Cure Kiss Me Kiss Me Kiss Me

Warner Brothers will revisit the 1988 Enya classic, Watermark, along with Shepherd Moons from 1991, and her 1995 set, The Memory Of Trees, with vinyl LP reissues of the best-selling titles.

Enya Watermark

Atlantic Records will release the new album by Adia Victoria on CD, DD, and vinyl LP. The album is called Beyond The Bloodhounds.  The LP edition will include DD rights. It’s planned for May 13. Yes, she’s pretty good.

Adia Victoria Beyond The Bloodhounds

Real Gone Music will offer a remastered translucent green vinyl Limited Edition of the Original Motion Picture Soundtrack to The Return Of The Living Dead from 1985. This film was a hilarious send-up of zombies that continued on for multiple sequels. “Send More Cops”. But a word of warning to delayers: There will only be 750 available copies. It’s on the market on May 6.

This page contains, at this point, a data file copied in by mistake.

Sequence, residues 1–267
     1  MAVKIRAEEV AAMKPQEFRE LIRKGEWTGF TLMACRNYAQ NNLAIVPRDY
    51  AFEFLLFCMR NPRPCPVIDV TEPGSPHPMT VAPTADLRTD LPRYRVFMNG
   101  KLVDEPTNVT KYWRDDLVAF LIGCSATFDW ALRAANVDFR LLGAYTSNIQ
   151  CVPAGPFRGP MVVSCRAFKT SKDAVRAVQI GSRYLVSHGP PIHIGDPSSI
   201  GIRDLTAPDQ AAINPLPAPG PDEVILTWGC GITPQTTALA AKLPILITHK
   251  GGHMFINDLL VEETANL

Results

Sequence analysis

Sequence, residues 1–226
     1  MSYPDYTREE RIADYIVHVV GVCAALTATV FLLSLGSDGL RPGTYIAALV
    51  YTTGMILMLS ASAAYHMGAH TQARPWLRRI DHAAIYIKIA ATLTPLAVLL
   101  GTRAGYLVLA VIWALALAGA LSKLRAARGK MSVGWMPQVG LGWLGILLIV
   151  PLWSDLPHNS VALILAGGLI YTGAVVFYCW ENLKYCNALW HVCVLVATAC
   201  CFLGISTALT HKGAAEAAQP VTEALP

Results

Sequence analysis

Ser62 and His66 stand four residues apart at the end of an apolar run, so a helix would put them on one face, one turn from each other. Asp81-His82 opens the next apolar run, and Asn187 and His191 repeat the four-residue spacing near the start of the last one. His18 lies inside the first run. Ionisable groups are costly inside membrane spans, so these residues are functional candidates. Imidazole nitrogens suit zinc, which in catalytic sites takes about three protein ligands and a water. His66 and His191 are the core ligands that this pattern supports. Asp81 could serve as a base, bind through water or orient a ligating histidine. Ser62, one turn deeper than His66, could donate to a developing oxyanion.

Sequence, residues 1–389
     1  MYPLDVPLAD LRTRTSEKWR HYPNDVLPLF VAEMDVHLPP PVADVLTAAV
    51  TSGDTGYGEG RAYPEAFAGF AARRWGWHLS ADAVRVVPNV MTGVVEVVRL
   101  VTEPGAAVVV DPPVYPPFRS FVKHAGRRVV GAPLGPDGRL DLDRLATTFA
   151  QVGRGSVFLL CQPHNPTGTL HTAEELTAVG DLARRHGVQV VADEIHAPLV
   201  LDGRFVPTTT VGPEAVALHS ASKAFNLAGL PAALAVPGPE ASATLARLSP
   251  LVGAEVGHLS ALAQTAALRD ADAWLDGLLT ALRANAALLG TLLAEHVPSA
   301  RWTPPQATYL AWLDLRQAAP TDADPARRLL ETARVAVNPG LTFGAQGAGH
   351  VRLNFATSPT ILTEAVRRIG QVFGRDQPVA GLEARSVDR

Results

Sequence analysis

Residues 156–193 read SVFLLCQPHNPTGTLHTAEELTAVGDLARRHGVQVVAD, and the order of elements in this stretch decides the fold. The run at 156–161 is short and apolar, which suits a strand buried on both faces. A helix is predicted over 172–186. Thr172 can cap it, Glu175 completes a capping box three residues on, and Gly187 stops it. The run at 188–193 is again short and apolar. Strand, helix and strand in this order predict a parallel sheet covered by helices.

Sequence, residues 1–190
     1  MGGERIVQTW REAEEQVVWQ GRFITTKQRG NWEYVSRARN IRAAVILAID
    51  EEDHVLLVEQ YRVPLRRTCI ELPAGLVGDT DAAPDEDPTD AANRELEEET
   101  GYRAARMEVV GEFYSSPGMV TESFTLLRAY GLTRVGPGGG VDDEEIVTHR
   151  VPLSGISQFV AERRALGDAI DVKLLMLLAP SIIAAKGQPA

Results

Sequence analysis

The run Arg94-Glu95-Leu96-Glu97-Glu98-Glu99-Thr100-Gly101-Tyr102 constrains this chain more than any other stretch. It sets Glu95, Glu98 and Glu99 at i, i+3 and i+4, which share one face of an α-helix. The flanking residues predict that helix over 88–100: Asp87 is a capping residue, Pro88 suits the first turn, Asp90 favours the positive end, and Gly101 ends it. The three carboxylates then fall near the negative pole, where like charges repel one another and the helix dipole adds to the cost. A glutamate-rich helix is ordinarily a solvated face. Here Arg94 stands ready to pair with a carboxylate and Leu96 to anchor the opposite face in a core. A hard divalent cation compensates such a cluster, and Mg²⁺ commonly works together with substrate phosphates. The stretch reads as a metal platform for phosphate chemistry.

Return Of The Living Dead OMPS

Also from Real Gone Music, a Limited Edition 180g-weight black vinyl press of Cactus, the 1970 debut from Cactus. It’s destined for May 6. There will only be 700 copies made.

Cactus Cactus

Justin Time Records will offer a repress of the 1993 classic debut from Diana Krall of Stepping Out. It’s planned as a 180g-weight 2LP Essentials Collection and will come with a DD download card. It’s planned for May 6.


And finally: For May 3, Elektra will reissue two 10,000 Maniacs titles on vinyl LPs. Those will be Our Time In Eden (1992), and In My Tribe (1987).

10000 Maniacs Our Time In Eden